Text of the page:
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Reviewed by: Carl Nelson [02.09.04]
Manufactured by: Powercolor

Est. Street Price: $190

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The Card

Now that we have the VIVO features and bundle covered, let's have a look at the card itself.

The Bravo is one step above a reference design; rather than include the wimpy stock heatsink by ATI, Powercolor includes a nice looking ported heatsink, with a fan that lights up red when the power is turned on.

So I guess we can call this "INTES"? We've seen the benefit of Abit's "OTES" cooling system, directing airflow outside the case. Powercolor's heatsink takes that idea, and reverses it somewhat, blowing the air in the direction of the back of the card. Since the 9600XT barely gets hot at all, we're not going to rag on Powercolor too much for this silly design. It is nice to have something unique though!

On the top of the card, you'll find a nice looking memory heatsink, covering a pair of BGA chips. Unfortunately though, there are no heatsinks on the other side! That's right, only half of your memory chips are benefiting from a heatsink! Another weird decision by Powercolor designers; they have the right idea in making their card stand out from reference design, but only went half way with it. The Bravo looks good on one side, but we aren't going to see any benefits from these fancy heatsinks and cooler designs.

The Specs

Once again, we have to cover the specs and price of the 9600XT Bravo.

The Bravo version isn't quite showing up price search engines just yet, but we came to the conclusion that it will cost around $190 when it eventually shows up. This is what most other 128MB VIVO 9600XT's go for. Non-VIVO versions go for around $150, so you have to really think hard if video-in is something you want to spend $40 on.

Another thing we have been mentioning in our later 9600XT reviews is the fact that NVIDIA has basically created a 'ringer' to defeat it in the $150-200 price range.

Normally, the 9600XT cards would compete against the GeForceFX 5700 Ultra, and they actually match up quite well there (we found the 5700U to be faster in many cases, but when filtering is enabled, the 9600XT walks away). But last December (right when we reviewed the 5700 Ultra), NVIDIA announced their newest mid-range video chipset; the 5900XT.

The 5900XT is basically a 5900 with a slightly lower clock speed. Offered at the $200 price range, NVIDIA basically killed their own 5700 Ultra, but in turn they are looking to kill ATI's 9600XT.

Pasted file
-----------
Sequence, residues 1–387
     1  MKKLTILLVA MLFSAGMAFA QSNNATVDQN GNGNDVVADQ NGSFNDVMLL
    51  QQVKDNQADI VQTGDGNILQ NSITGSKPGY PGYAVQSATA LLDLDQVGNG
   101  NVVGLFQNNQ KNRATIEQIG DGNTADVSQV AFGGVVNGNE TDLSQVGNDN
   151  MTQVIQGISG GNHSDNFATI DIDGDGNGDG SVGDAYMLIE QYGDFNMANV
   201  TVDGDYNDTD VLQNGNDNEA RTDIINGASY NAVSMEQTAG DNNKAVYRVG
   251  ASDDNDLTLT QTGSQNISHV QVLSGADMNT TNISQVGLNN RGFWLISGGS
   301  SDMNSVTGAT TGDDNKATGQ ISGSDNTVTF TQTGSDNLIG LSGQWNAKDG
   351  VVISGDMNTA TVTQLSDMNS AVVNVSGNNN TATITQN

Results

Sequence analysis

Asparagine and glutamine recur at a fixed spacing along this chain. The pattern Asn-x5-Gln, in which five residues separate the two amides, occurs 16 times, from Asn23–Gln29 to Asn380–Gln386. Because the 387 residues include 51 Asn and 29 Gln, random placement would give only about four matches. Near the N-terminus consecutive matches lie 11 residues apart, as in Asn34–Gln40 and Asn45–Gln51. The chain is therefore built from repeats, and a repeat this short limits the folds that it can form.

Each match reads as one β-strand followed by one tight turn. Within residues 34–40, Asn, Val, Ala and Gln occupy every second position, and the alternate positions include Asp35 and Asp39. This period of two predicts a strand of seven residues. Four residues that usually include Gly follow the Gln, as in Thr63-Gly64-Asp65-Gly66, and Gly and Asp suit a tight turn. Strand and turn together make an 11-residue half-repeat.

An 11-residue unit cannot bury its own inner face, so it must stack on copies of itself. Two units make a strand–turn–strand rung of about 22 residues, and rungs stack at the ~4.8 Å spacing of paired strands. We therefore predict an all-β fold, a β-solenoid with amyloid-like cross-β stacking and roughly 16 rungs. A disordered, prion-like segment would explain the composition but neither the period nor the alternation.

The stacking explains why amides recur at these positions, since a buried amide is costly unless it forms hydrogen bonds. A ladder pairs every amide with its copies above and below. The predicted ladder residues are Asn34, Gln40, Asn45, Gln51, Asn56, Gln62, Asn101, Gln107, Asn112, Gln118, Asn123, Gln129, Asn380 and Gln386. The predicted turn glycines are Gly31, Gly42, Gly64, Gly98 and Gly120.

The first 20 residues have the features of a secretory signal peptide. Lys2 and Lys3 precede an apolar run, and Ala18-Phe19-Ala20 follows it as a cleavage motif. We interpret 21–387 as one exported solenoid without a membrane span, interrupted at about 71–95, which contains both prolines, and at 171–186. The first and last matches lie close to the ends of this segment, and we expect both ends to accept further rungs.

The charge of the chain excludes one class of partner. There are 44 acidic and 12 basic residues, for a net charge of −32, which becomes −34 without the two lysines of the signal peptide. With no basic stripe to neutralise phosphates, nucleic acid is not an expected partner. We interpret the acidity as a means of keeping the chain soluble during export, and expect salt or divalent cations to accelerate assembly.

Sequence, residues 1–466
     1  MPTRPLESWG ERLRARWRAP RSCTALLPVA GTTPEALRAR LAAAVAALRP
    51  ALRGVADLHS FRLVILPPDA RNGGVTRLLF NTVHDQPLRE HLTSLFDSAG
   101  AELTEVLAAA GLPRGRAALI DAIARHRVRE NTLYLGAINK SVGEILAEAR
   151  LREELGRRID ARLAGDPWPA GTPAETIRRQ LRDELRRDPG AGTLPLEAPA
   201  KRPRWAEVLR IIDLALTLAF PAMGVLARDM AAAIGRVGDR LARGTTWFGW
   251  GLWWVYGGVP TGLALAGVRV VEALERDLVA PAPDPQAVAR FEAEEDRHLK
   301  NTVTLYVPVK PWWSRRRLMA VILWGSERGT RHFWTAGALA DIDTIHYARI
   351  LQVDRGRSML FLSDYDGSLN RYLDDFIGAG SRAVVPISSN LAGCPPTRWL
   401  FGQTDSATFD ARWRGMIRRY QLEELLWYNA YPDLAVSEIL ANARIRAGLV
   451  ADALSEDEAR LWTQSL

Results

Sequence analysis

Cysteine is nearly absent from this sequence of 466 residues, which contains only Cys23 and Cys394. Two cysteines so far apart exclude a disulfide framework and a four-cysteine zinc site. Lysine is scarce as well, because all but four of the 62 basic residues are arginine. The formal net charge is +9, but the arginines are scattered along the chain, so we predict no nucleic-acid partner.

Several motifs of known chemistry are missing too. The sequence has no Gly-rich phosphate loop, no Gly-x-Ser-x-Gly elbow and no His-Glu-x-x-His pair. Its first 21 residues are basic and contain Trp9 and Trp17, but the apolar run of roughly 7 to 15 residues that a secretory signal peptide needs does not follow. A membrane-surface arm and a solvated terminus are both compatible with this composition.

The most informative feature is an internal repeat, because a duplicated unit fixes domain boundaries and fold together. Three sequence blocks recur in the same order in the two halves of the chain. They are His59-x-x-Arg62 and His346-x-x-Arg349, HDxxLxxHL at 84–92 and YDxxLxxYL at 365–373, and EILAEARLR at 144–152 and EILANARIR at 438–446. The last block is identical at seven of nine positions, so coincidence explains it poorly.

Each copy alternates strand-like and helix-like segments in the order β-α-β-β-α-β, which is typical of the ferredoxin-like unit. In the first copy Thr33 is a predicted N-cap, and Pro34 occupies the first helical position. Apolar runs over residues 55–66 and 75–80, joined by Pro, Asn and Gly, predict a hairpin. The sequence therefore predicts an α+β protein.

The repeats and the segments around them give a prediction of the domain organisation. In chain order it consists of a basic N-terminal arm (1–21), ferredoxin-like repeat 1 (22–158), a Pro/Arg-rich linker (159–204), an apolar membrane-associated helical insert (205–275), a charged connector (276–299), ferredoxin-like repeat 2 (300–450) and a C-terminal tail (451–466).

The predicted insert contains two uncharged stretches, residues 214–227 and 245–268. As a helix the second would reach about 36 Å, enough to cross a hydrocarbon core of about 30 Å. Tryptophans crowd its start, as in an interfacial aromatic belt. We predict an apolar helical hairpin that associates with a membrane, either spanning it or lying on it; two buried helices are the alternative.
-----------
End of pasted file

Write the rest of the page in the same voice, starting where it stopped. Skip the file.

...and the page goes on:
Have a look at the specs first, then we'll get to the benchmarks.

Core Clock Speed Pixel Pipelines mPixel Fillrate per second Tex Units per Pipeline Mtexel Fillrate per second Memory Speed Memory Bus Width Peak Memory Bandwidth
GeForceFX 5700 Ultra 475 MHz 4 1900 1 1900 900 MHz 128 bit 14.4 GB/s
GeForceFX 5900XT 390 MHz 4 1560 2 3120 700 MHz 256 bit 22.4 GB/s
Radeon 9600XT 500 MHz 4 2000 1 2000 600 MHz 128 bit 9.6 GB/s

As you can see, the 5900XT features two tex units per pipeline, offering amazing multi-texturing fill rate performance. Also, it has twice the memory bus width as the 9600XT and 5700 Ultra, and gobs more memory bandwidth.

Now you can see why we call the 5900XT card a ringer.

So it will be a tough battle for our 9600XT here today, but we'll see how it does against the 5900XT and 5700 Ultra.

The Test

Here is the system used for testing all video cards:

CPU: Pentium 4 3.20E GHz "Prescott"
Motherboard: DFI Lanparty PRO875B
RAM: 512MB Kingmax DDR400
HDD: Seagate Barracuda IV 80GB ATA100
OS: WinXP with SP1 and DirectX 9b

ATI Catalyst 4.0 (WHQL Certified)
NVIDIA Detonator 53.03 (WHQL Certified)

All publicly available benchmarks can be found on our Downloads Page.

We did almost every test in 3 modes per card. These modes are ones that most gamers will actually use when they play games.

1024x768 - To produce a real gaming environment many will use
1600x1200 - To produce a high resolution gaming environment (for you boys with big monitors!)
1024x768 w/ 4xAA and 8x Aniso - A gaming environment most high end users will use

On with the show!

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